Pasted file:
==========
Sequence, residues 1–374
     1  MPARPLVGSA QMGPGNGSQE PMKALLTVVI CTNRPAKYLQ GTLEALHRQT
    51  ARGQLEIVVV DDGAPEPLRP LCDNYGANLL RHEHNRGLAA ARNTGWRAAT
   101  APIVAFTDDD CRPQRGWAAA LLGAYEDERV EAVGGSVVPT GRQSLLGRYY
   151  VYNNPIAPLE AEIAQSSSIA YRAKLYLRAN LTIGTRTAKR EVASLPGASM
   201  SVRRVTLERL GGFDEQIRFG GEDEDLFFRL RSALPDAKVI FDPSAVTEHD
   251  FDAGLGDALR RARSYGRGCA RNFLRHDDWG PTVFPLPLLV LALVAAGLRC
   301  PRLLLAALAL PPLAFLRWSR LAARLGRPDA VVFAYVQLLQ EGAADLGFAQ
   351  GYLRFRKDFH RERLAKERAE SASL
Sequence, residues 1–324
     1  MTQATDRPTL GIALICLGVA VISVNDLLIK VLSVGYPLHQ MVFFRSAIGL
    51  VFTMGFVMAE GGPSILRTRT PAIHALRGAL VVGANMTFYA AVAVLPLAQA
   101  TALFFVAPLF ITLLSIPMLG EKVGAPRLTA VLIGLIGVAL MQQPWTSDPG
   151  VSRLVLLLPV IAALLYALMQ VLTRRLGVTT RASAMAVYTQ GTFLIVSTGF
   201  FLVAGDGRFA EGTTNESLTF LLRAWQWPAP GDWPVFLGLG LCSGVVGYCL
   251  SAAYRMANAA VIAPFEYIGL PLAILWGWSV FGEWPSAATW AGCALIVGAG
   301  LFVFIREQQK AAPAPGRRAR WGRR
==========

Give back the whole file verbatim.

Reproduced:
Sequence, residues 1–374
     1  MPARPLVGSA QMGPGNGSQE PMKALLTVVI CTNRPAKYLQ GTLEALHRQT
    51  ARGQLEIVVV DDGAPEPLRP LCDNYGANLL RHEHNRGLAA ARNTGWRAAT
   101  APIVAFTDDD CRPQRGWAAA LLGAYEDERV EAVGGSVVPT GRQSLLGRYY
   151  VYNNPIAPLE AEIAQSSSIA YRAKLYLRAN LTIGTRTAKR EVASLPGASM
   201  SVRRVTLERL GGFDEQIRFG GEDEDLFFRL RSALPDAKVI FDPSAVTEHD
   251  FDAGLGDALR RARSYGRGCA RNFLRHDDWG PTVFPLPLLV LALVAAGLRC
   301  PRLLLAALAL PPLAFLRWSR LAARLGRPDA VVFAYVQLLQ EGAADLGFAQ
   351  GYLRFRKDFH RERLAKERAE SASL
Sequence, residues 1–324
     1  MTQATDRPTL GIALICLGVA VISVNDLLIK VLSVGYPLHQ MVFFRSAIGL
    51  VFTMGFVMAE GGPSILRTRT PAIHALRGAL VVGANMTFYA AVAVLPLAQA
   101  TALFFVAPLF ITLLSIPMLG EKVGAPRLTA VLIGLIGVAL MQQPWTSDPG
   151  VSRLVLLLPV IAALLYALMQ VLTRRLGVTT RASAMAVYTQ GTFLIVSTGF
   201  FLVAGDGRFA EGTTNESLTF LLRAWQWPAP GDWPVFLGLG LCSGVVGYCL
   251  SAAYRMANAA VIAPFEYIGL PLAILWGWSV FGEWPSAATW AGCALIVGAG
   301  LFVFIREQQK AAPAPGRRAR WGRR